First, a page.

RED-AND-GOLD TO BLUE-AND-WHITE
WITH THE MAN - Julian Camino administering some vocal tonic to Lionel Messi during the half-time break of their opening match against Bosnia-Herzegovina. (AFP)
Lionel Messi, Javier Mascherano and... Julian Camino. Barcelona, Barcelona and... East Bengal.
Yes, East Bengal Football Club has had a hand in Argentina’s march to the World Cup finals after 24 years in the form of Camino, assistant coach of the team and Alejandro Sabella’s deputy, who had donned the red-and-gold jersey on the Maidan in 1988.
That was a time when Argentina was the reigning world champion and Maradona the resident deity of football-crazy Calcutta.
And now, Camino’s presence at the Maracana on Sunday night will ensure that Calcutta has a direct sporting link with Argentina that goes beyond the blue-and-white coat that Mamata Banerjee has draped the city in.
Having played alongside the likes of Manoranjan Bhattacharya, Chima Okorie and Krishanu Dey, Camino now helps orchestrate the tunes to which Lionel Messi, Sergio Aguero and Gonzalo Higuain move.
Often seen on television, sitting in the dugout in a crisp suit, many would recognise him as the man who had sprung up to catch a tumbling Sabella during the quarter-final clash against Belgium.
“Amader Camino? Shei Camino? (Our Camino? That Camino?)” said Swapan Ball, general manager of East Bengal, in surprise when Metro asked club members if they were aware that their former midfielder was now a senior strategist of Team Argentina.
“Arre hyan theek toh. Or chool-er chhat ta ekhono ek aachhe (Oh yes, that’s right. His hairstyle is still the same),” remarked another official who is a loyal Argentina supporter.
|WITH THE COACHES - Camino and coach Alejandro Sabella exult after Argentina pipped The Netherlands to a berth in the final (AFP) and (below) Camino receiving words of wisdom from East Bengal coach PK Banerjee in 1988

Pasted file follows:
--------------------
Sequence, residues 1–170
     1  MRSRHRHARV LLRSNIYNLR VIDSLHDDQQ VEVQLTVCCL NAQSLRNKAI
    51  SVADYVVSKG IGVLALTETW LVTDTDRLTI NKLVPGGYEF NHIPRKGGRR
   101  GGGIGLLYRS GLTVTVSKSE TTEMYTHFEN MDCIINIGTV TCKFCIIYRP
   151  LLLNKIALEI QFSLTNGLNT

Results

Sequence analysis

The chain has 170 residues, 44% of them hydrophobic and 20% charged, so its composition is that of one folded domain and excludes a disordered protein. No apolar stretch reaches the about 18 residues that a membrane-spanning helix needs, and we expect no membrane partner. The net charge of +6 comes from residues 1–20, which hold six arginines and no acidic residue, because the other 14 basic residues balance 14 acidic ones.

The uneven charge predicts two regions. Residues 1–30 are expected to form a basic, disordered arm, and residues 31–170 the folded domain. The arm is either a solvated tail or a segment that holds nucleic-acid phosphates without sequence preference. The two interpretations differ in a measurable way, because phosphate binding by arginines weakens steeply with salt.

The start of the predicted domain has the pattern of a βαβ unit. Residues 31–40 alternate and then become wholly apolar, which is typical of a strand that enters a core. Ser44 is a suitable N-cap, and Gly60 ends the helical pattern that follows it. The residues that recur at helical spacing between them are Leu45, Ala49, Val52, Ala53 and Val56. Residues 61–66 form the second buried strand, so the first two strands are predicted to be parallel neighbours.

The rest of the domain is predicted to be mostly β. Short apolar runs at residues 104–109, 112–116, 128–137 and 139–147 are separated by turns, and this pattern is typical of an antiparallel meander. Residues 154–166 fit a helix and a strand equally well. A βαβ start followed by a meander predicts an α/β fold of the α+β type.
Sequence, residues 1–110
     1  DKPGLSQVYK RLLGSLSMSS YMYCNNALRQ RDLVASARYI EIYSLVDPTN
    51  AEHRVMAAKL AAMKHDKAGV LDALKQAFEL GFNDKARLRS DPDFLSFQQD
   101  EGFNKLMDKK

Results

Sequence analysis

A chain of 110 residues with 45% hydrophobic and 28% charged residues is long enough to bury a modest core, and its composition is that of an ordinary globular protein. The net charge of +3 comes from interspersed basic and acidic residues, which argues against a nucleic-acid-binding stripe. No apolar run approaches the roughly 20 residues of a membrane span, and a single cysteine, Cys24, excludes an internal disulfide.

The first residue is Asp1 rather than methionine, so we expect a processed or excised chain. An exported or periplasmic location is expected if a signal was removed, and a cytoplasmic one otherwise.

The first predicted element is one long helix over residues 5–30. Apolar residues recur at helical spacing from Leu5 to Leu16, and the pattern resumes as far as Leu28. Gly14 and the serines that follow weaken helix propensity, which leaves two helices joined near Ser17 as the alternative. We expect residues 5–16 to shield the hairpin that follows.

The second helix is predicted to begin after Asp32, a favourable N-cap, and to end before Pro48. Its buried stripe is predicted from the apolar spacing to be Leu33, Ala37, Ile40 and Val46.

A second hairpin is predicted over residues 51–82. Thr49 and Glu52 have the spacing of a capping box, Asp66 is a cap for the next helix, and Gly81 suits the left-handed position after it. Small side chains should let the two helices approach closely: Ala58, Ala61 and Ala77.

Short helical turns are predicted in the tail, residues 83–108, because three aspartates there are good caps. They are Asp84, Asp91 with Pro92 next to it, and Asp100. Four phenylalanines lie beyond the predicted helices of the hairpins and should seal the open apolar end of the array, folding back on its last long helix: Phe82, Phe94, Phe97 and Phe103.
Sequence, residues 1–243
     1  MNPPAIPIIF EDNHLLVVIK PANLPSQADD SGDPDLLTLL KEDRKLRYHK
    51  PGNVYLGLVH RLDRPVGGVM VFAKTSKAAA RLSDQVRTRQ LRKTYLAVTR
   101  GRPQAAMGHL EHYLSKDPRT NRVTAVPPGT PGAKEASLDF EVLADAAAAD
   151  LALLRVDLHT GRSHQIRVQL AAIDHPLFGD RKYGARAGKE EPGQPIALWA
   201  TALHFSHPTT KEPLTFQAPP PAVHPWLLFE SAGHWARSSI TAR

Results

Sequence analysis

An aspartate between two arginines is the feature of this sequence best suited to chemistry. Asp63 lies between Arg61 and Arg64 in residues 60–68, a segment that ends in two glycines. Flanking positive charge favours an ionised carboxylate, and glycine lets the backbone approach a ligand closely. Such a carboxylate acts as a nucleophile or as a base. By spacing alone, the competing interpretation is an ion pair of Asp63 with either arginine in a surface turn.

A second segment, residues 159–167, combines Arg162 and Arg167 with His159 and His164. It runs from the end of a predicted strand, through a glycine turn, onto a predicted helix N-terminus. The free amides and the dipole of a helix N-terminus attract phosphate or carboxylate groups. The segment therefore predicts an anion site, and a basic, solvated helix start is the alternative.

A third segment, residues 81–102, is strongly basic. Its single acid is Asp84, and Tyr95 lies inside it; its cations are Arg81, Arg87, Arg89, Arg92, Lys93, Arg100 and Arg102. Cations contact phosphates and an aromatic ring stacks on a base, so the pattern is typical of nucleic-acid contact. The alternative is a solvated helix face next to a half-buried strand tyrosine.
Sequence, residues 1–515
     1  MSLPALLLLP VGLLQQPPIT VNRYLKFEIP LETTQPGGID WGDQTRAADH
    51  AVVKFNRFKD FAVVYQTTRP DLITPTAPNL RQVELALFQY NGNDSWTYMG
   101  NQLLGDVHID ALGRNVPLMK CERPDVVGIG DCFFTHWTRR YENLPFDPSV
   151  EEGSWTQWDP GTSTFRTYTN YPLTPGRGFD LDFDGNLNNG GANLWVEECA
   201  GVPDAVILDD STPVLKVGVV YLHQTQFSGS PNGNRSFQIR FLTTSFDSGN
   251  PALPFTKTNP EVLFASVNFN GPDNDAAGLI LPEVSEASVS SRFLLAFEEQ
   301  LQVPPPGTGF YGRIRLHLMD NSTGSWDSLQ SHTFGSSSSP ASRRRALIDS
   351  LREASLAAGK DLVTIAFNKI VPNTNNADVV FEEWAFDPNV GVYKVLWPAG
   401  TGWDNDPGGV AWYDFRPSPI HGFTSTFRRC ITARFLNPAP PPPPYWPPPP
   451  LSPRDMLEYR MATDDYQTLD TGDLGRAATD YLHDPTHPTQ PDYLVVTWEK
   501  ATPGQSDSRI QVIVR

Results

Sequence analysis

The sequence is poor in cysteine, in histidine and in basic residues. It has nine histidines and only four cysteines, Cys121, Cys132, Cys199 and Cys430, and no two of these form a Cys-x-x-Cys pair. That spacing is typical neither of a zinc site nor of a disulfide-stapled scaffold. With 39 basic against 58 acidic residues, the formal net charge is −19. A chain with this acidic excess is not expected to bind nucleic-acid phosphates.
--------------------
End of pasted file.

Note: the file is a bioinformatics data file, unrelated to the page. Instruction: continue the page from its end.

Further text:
Club officials recalled first noticing Camino in 1984 when he had arrived as a part of the Argentine contingent to play in the Nehru Cup. A muscular 23-year-old then, he had operated primarily as a defensive midfielder.
“A couple of years later we were looking for a footballer who could operate both in defence as well as in the midfield. We felt Camino would be a good fit and contacted his agent Carlos Fraga,” said Ball.
The Argentine had arrived in September 1988 and was handed over the number 2 shirt of the club. “He spoke only Spanish and hence spoke little but was very composed on the field,” recalled star defender Manoranjan.
The groundsmen remember Camino as the “sahib” who would eat “beef steak and rice” together.
The hype surrounding the South American midfielder had ensured a turnout of 120,000 spectators for that year’s East Bengal vs Mohun Bagan derby which ended goalless. Despite a moment of brilliance from the 27-year-old.
“Camino had conjured up a terrific pass down the right to Chima Okorie in the fifth minute. I still remember that lovely through ball. Had Chima scored that sitter we would have won,” Ball sounded sad 26 years on.
Within days, however, it became apparent that Camino was not fully fit and had a chronic injury on his right knee. It did not miss the hawk eye of coach P.K. Banerjee.
“He had a number of small tattoos inked on his knee which he had said were done to ward off evil and eliminate the injury,” recalled ‘PK’.
During his year-long stay in the city — before signing for a club in Tel Aviv, Israel — Camino had established a friendship with teammate Kartick Sett, who knew a few Spanish words and phrases. His preferred mode of transport, according to club officials, was Sett’s scooter. The East Bengal striker would pick Camino up from the star hotel he was put up in and go for practice together.
“He used to pronounce my name with a heavy Spanish accent, ‘Kyaaartik’! It feels great to know that the man I had taken around Calcutta on my scooter for so many days is now deciding the on-field strategy for the best footballers in the world,” Sett said.
The only occasion when East Bengal players had seen Camino lose his cool was when Chima had missed a penalty against Salgaocar during the penalty shootout in a Federation Cup match in Delhi. “He was furious after the loss and had given Chima a piece of his mind,” recalled Ball.
No wonder Messi and Co. did not dare miss a single penalty shot against The Netherlands in the semis.
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